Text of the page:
We watched Che Part 1 last night with the family. It was interesting to watch it with young adults who were born after the end of the Cold War. There were lots of questions about why we were so freaked out about Communism getting a foothold in the Americas, and why we were so worried about the Cubans spreading the revolution to the rest of Latin America. I tried to explain the situation at the time, how the Soviets had openly proclaimed that their goal was world domination and that we were staring each other down, each with the power to annihilate not only each other, but maybe the human race. I was a in a bit over my head trying to explain.
I thought that Che was portrayed a little too sympathetically, too much the hero. In the context of the revolution and the overthrow of Batista he appears heroic, but in the context of history, he was dedicated to a system just as brutal as the oligarchy he fought against. That was our dilemma in Latin America, we supported oppressive dictatorships because they were on our side, against the communists. It was like making a pact with the devil. And the conditions of the people in those countries made them fertile soil for revolution. My brother, who spent most of his military career in Latin America, once told me that in the countries where the peasants did not own the land, the communists couldn’t lose, and in the ones where the peasants owned their land, they could not win. Hence, in Bolivia, one of the poorest countries in the world, but where the land was owned by the peasants and not by an oligarchy, he was unable to muster support for his insurgence and was eventually killed.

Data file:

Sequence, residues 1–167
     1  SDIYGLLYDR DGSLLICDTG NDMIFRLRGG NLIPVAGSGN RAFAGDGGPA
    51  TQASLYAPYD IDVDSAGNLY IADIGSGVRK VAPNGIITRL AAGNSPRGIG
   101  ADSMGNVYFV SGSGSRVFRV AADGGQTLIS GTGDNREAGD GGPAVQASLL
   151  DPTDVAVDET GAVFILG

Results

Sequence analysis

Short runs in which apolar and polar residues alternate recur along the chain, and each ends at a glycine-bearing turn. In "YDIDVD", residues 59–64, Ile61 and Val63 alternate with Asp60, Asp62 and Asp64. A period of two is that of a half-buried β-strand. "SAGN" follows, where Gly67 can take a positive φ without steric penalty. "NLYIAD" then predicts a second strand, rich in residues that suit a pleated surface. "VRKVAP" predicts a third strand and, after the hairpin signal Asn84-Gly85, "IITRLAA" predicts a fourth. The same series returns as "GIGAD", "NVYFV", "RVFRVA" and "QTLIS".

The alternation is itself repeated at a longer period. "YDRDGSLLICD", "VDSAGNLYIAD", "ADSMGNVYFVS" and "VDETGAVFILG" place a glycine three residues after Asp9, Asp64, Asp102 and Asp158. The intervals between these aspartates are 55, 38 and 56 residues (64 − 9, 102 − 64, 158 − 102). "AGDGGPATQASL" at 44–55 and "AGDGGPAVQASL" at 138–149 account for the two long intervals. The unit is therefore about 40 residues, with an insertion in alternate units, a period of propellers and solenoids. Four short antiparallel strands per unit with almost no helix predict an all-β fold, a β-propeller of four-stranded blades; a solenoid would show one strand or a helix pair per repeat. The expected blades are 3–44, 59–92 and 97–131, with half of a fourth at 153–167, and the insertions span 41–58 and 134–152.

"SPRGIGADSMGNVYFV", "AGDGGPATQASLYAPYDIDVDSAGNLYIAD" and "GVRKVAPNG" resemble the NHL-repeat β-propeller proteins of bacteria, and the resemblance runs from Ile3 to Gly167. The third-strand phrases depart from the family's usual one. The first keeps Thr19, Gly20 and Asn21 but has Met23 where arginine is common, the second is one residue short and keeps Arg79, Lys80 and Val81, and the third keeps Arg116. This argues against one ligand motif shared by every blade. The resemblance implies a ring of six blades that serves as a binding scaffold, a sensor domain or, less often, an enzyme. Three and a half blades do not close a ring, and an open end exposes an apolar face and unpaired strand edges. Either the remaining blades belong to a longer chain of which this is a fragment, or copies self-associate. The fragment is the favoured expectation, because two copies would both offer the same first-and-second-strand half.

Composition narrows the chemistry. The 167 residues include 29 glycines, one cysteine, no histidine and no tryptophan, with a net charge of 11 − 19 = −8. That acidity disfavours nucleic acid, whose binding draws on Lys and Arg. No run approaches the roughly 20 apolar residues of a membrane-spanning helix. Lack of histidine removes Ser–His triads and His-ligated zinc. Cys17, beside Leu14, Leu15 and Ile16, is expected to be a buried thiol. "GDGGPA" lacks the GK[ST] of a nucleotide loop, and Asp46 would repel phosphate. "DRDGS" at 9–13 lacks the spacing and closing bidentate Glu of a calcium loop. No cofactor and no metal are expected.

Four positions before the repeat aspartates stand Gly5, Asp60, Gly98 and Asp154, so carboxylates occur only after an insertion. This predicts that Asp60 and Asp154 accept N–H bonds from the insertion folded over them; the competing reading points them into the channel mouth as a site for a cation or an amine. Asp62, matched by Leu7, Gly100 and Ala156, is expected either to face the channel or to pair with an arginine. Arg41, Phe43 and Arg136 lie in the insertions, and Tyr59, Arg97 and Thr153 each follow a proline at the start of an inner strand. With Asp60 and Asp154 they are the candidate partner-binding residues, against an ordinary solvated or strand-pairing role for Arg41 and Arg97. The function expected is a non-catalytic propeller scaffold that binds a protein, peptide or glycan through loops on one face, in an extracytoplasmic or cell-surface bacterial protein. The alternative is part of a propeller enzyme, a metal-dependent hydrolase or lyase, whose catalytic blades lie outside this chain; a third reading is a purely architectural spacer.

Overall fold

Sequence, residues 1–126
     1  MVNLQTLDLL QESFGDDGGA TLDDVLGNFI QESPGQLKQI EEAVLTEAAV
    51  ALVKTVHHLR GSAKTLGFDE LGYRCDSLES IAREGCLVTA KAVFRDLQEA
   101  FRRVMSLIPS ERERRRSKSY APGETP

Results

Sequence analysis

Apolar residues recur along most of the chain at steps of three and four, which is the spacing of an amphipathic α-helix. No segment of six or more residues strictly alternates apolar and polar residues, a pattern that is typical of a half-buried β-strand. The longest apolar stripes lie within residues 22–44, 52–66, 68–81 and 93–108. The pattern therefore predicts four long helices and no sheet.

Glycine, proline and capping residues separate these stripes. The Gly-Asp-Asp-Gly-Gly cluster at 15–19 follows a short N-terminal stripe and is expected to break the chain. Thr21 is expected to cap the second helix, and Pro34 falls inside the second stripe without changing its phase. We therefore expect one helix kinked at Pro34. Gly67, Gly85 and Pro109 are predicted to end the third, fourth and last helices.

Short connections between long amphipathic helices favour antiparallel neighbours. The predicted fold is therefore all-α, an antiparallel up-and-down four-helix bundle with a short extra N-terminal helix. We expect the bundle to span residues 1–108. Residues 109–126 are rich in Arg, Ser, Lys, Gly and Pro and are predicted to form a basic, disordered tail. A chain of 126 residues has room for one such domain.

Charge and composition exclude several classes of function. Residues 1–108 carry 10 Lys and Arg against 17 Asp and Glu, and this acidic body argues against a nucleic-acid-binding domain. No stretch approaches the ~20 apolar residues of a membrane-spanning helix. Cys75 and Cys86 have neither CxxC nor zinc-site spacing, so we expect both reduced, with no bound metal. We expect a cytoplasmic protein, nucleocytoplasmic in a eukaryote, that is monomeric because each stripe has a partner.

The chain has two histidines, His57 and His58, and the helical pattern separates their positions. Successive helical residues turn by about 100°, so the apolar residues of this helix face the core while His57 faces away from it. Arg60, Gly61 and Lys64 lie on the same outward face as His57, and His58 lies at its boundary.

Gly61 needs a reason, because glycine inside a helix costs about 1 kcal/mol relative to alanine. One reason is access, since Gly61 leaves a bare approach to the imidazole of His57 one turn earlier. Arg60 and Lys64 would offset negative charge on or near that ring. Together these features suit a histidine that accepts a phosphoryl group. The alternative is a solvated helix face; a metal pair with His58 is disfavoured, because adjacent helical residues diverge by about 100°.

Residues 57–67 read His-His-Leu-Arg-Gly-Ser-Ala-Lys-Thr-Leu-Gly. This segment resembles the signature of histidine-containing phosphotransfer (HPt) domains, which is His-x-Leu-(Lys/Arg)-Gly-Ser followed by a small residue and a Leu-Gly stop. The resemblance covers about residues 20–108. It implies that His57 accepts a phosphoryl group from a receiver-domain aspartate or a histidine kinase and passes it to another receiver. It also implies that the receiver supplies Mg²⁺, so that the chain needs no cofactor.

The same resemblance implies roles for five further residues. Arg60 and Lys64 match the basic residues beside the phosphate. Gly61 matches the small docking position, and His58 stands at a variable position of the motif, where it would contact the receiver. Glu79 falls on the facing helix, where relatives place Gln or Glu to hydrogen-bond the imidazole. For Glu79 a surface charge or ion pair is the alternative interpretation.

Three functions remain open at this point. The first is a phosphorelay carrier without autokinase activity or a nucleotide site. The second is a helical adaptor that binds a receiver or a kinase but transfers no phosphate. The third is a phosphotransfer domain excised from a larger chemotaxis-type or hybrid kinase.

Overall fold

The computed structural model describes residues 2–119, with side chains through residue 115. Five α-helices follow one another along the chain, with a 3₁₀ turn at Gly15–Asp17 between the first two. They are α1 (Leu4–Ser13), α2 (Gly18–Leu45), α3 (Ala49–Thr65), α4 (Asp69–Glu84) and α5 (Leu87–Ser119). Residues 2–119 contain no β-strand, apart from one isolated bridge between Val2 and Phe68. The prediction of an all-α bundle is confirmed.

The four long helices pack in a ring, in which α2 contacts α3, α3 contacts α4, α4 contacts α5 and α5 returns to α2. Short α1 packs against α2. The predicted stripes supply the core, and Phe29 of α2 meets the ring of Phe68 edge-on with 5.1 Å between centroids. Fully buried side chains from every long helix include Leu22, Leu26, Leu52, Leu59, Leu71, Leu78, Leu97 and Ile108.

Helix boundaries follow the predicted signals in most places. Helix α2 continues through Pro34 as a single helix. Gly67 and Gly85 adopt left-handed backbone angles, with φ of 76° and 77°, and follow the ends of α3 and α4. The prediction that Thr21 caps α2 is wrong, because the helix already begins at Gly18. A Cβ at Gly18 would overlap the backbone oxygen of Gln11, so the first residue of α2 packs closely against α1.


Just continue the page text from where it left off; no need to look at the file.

The narrative was hard to follow, but I didn’t think that the action was as important as the glimpse into the mind of the man himself, for better or for worse.